1) The strategy for the struggle and for development of a new society must see the unpaid work and the indirect exploitation.

It must be a strategy that both includes the activity that goes on in what we have been used to calling working life, and the activity that goes on in what we have been used to calling home- and private life, and that sees these as a whole.

Direct exploitation in production is not abolished by "removing" production. It is abolished when the workers get control over the means of production, work process and work results. In the same way, abolishing indirect exploitation doesn't necessarily mean abolishing reproduction tasks. Indirect exploitation occurs when part of the work that is necessary to create a surplus in production, goes on "outside of" production - in a different sphere, in the home, subordinated, privatized and invisible. A new way of organizing society must remove this division between "inside" and "outside" - and turn it all into equal, human work that is necessary for people to live and be active. And women must have power in the shaping of this new, whole, organization of society.

2) The strategy for the struggle, and for the new society, must see women as independent persons, not as appendages to a family or a household.

Since the institution of the family serves as a sort of cornerstone in the oppression of women, a strategy that takes power relations and work distribution in the family for granted, will be unable to change women's situation fundamentally. On the contrary, it will often make it worse. This has happened, for example, when collectively owned village land that women peasants have had the right to use, has been portioned out as private property.

The man in the family has been considered the owner. By treating the women as appendages to the family, they have been deprived of their earlier right to the land.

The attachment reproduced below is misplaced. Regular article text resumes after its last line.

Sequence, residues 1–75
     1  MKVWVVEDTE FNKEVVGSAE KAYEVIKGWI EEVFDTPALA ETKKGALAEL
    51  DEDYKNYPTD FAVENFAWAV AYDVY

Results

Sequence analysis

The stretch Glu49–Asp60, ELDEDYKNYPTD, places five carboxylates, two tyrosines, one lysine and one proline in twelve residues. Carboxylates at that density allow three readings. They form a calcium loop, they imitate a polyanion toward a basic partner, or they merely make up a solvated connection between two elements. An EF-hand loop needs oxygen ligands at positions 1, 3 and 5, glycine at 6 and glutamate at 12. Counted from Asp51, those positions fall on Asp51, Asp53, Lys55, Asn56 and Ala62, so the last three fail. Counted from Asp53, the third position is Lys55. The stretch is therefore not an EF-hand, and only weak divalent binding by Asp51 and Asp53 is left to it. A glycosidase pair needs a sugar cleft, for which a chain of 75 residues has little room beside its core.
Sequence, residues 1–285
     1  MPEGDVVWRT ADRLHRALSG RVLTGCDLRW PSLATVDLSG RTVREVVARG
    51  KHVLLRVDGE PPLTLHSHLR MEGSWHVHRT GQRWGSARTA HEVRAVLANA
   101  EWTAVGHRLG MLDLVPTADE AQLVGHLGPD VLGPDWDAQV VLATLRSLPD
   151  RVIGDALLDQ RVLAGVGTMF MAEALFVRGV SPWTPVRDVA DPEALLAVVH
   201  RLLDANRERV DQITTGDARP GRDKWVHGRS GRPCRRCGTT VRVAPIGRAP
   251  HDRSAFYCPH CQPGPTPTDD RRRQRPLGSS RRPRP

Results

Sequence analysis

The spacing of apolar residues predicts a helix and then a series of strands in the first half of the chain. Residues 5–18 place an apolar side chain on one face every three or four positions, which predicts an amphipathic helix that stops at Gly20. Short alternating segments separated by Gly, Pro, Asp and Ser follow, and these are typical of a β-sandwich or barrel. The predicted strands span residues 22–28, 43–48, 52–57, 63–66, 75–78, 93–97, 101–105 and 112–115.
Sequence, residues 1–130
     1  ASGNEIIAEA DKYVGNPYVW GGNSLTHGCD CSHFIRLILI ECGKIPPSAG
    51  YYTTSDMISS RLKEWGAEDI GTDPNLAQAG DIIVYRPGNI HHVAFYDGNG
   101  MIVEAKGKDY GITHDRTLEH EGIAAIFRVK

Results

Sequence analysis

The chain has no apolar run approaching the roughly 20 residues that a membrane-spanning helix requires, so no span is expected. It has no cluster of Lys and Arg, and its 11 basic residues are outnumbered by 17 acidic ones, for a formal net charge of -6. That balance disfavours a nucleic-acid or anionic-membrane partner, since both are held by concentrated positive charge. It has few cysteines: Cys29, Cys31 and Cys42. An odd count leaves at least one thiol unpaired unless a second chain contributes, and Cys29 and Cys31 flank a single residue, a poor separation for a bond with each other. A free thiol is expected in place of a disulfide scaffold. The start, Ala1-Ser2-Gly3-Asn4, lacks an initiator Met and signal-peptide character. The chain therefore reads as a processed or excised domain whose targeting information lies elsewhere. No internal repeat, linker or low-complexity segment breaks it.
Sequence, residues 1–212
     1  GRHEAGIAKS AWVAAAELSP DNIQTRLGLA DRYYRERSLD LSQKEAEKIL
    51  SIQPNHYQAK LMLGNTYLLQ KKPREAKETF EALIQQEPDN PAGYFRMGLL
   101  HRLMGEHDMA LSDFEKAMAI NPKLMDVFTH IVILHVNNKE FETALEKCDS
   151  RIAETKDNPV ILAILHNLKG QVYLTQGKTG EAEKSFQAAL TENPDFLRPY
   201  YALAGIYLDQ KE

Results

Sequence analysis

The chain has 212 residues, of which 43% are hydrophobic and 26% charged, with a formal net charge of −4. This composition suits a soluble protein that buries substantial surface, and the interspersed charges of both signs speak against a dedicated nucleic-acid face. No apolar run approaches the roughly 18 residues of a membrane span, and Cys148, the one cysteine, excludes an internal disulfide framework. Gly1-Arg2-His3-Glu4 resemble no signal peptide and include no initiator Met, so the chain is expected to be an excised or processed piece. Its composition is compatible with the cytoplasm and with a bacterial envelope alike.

These two points cannot be fulfilled if women are seen as a "special social group" with especial demands which don't have much effect on the comprehensive strategy. In reality it is a question of decisive political choices which demand that one sees many levels as a whole. The choice of a main line for the economic strategy has effects on women's daily life that decision makers (usually men) seldom understand or care about. Here are some examples of how conditions that are considered gender neutral, affect the points above.

One basic choice is whether to go in for economic development through integration in the world market and stress on export, or to go in for production mainly accommodated to one's own population. The type of economic activity very many women in the Third World pursue, subsistence farming for their own and their family's needs, is without value and interest in an export perspective. It is almost invisible. As Vandana Shiva writes (1989, p. 115), to the World Bank and similar organizations, subsistence work isn't economic activity. The invisibility of women's activity rubs off on their land which is perceived as "waste". Indian village women used the commons, which were often covered with a mixed forest, in a versatile way to provide daily needs. They get both fruits and edible plants there, building materials, fuel and medical herbs. The administrative word for "commons" is "wasteland", an expression inherited from colonial times (Shiva, p. 115):

"The colonial concept of wastelands was not an assessment of the biological productivity of land, but of its revenue generating capacity: "wasteland" was land that did not pay any revenue because it was uncultivated."

The commons are "waste" for those who see natural resources as a spring of commodities and profit. The "wasteland" is taken and sown over with different types of cash crops or lumber for sale and export. The one-sided use of "modern" crops which are often not adjusted to the natural foundation, changes the areas to real wasteland in many cases. And the local population, particularly the women, lose a very necessary part of their conditions of life.

An export oriented growth strategy that involves strong integration in the world market is probably the worst possible starting point for making women's work visible and for seeing paid labor and the unpaid sector as a whole. Resources are canalized away from women and over to export directed, market directed activity. This is not only valid in the Third World. In countries of the Norwegian type, too, an economic policy with stress on "increasing the ability to compete" and "internationalize the economy" will hit women especially. This sort of policy will usually be carried out at great cost to public welfare services. And when public welfare services are lacking, there is only one thing to put in its stead, women's unpaid work. In line with this, a parliamentary statement on health policy operates with the concept "care potential": the number of women between 45 and 59 years of age per 1,000 elderly people (Parliamentary statement no. 41, 1987-88).